I am such a rubbish blogger. Fact. I am in constant awe of these demi-God bloggers who make 600 word posts three times a day when I struggle to post one a month at the moment. But I figure that when I’m not writing, I am at least building content. Or reading ….

Ikigai-cover-2I’m not even sure how I came across this book, but like an old friend, I am so glad our paths crossed. The Little Book of Ikigai is one of those strange books where when you’re reading it you spend every second wondering what the point is and, more importantly, ‘am I wasting my time here’. And then you finish it, and wonder those points a little more. For a couple of weeks. But slowly, and surely, you start to get the point. Ikigai. It’s all around us. Everyone has ikigai.

Ikigai is what the Japanese live by. Simply translated, ikigai is your sense of purpose in life. It is the only thing the Japanese get out of bed for. They all have it, until death. And before you start questioning the gravity of ikigai and ‘purpose’ for the Japanese, I should point out that within the Japanese language they don’t have a word that directly translates to retirement. Everyone has ikigai, purpose, until the day they die.

And now, having finished this book a couple of weeks ago, I can see it all around me. My husband’s ikigai is palpable. A member of a local committee I have recently joined is ikigaied to within an inch of her life. A family member who recently lost her loved one has found her ikigai ripped from under her.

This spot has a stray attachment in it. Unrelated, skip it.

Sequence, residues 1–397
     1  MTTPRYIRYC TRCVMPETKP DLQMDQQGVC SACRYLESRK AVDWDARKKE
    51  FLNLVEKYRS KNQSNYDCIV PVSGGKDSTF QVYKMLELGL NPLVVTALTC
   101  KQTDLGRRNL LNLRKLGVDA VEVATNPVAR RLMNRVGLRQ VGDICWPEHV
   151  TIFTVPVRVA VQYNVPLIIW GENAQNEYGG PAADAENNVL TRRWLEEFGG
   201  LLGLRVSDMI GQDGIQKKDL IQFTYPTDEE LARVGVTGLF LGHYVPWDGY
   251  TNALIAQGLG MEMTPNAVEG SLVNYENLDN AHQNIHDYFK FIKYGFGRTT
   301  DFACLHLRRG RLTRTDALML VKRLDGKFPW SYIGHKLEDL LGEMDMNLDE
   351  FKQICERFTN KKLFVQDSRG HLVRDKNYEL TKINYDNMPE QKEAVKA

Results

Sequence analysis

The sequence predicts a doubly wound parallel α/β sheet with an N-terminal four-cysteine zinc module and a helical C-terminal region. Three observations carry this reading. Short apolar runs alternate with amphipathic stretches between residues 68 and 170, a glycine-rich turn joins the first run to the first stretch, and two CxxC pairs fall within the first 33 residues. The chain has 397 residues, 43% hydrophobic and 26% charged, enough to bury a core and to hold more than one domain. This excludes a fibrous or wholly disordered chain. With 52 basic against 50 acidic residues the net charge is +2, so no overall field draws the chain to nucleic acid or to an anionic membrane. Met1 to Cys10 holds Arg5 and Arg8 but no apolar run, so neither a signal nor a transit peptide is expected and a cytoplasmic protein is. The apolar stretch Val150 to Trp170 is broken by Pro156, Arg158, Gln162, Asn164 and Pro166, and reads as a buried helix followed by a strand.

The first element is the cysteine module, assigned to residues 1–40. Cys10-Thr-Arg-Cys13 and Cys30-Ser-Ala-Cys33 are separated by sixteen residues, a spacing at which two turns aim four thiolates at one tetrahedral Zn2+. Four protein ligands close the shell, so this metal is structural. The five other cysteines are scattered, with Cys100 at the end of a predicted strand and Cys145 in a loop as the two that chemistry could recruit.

Ikigai ChartIkigai is a funny word that will at first make you think of raw fish, but when you live with it for a few days you’ll start to realize it is all around you. It is the essence of what makes us rise each day and the thing which soothes you to sleep each night. Or perhaps sometimes keeps you awake each night!

Without purpose we are merely animals, which is why I believe we should grab our ikigai with both hands and cherish it. Ikigai is classless, priceless, ageless and without culture. A five year old’s ikigai could be feeding their pet hamster. An 80 year old’s cuddling their great grandchild until his smile beams back at her. However big or small your ikigai, don’t lose sight of it; it’s the reason you get out of bed each day and it’s one of the keys to long-term health and the avoidance of the chronic diseases which we are now battling with on a global scale.

The Little Book of Ikigai by Ken Mogi is available via Amazon:


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